Manatees And Plastic, A Lethal Mix

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Many people know of manatees and their endangered status within Florida and the remainder of their range through the Caribbean basin.  In 2007 the official Florida Fish and Wildlife count was 2,817.   Manatees, the only herbivorous marine mammal, are affected by boat impacts, human encroachment and interactions, and habitat loss as seagrass beds and aquatic plants in estuaries and rivers are effected by pollution and water quality problems.  Unfortunately, these concerns aren’t the only ones. 

The Manatee Rehabilitation Partnership in Florida tracks and assists post-release manatees that have undergone rehabilitation in human care and often need assistance to continue to thrive out in the wild.  The MRP does a great job of updating their field notes on released manatees as well including Annie, Rocket, and Hurricane released in February this year. 

The updates aren’t always happy ones.  MRP recovered a manatee carcass in July that was identified as Dundee, a calf born in captivity (breeding is no longer allowed), that had been considered a successful release until May when he showed up at Blue Springs State Park in poor condition.  A necropsy revealed a huge birds nest of fishing line, leads, weights, and other non-natural items that caused a blockage in the intestines and the male – nearly 22 years old – presumably starved to death.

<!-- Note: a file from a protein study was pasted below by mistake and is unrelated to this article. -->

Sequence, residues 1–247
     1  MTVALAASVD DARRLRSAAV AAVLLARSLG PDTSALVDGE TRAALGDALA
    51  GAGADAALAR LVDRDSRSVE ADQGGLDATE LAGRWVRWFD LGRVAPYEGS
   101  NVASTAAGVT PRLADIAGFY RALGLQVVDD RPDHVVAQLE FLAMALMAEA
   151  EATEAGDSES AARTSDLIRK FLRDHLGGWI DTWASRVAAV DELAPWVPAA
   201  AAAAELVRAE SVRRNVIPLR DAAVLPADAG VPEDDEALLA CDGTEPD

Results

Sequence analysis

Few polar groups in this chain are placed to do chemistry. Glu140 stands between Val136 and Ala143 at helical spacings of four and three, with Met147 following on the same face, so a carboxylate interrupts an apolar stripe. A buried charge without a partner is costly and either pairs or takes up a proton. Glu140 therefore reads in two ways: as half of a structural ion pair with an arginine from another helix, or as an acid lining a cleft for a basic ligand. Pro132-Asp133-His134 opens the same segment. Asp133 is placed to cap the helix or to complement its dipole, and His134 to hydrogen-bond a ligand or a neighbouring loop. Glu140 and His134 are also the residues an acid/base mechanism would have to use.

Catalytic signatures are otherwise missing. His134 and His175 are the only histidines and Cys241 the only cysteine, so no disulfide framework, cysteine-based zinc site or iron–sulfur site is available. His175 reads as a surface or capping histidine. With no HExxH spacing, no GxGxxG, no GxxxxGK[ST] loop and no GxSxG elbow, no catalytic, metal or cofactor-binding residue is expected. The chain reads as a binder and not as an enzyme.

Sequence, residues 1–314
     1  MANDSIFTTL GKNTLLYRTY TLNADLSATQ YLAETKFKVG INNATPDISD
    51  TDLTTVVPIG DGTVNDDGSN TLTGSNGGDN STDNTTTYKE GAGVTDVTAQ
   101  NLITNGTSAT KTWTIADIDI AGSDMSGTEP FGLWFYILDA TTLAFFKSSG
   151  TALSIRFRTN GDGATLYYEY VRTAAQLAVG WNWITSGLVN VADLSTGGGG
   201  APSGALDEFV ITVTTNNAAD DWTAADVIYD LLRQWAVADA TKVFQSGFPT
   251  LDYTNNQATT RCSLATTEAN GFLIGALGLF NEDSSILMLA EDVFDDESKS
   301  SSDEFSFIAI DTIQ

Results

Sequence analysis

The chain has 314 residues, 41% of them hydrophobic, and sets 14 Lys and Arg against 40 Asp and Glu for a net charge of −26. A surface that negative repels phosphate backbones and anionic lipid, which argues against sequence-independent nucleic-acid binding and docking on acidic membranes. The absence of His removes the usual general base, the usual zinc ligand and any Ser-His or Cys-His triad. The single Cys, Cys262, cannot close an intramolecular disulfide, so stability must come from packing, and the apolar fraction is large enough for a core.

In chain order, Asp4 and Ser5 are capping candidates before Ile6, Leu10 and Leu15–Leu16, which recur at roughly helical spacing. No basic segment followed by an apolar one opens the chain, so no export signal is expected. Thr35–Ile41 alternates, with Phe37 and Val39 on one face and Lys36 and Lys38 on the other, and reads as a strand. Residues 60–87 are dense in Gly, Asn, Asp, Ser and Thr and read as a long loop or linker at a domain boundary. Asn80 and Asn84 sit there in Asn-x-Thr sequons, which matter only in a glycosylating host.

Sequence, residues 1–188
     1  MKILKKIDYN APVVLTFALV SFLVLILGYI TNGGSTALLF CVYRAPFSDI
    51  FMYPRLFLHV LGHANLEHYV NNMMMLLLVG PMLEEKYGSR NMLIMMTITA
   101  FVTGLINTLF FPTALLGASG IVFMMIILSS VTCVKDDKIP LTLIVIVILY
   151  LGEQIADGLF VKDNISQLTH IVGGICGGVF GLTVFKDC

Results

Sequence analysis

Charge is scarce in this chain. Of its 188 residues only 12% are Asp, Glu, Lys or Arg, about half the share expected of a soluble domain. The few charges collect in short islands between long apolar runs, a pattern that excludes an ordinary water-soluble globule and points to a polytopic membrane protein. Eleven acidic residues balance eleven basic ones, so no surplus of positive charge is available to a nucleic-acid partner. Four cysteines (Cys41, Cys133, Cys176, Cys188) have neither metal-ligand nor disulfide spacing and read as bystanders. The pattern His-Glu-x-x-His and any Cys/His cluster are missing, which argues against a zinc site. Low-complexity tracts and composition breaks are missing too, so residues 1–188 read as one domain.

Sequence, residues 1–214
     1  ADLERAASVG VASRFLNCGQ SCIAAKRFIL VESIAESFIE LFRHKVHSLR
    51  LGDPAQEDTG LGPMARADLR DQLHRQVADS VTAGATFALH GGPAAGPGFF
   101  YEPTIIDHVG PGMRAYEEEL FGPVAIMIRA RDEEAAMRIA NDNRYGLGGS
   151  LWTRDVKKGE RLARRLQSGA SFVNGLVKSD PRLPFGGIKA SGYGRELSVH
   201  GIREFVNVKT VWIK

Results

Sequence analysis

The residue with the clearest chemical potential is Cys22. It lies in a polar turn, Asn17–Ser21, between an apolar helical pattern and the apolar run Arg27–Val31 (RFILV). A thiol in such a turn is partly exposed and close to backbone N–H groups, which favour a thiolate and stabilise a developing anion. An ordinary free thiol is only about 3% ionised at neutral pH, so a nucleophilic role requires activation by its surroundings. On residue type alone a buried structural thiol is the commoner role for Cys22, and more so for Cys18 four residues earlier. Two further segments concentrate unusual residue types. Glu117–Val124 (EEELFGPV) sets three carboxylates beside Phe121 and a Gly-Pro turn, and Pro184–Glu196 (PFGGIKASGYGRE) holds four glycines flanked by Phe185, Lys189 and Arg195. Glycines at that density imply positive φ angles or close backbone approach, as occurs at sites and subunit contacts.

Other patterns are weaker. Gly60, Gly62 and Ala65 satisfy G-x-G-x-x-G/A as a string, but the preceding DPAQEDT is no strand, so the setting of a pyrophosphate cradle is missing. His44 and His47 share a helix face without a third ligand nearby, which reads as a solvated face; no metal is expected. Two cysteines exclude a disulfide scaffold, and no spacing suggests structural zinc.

If you’re ever on Florida waters, or you’re an angler, please encourage fellow water-lovers to pick up and recycle monofilament and all other plastic garbage you may come across.  I’ve always done it in the past out of my love of clean waterways but now I’ll do it for my love of sadly naive manatees. 


One Comment to “Manatees And Plastic, A Lethal Mix”

  1. It seems like every summer there is a story of a lone manatees landing in Boston and Baltimore Harbor. That happened again this year.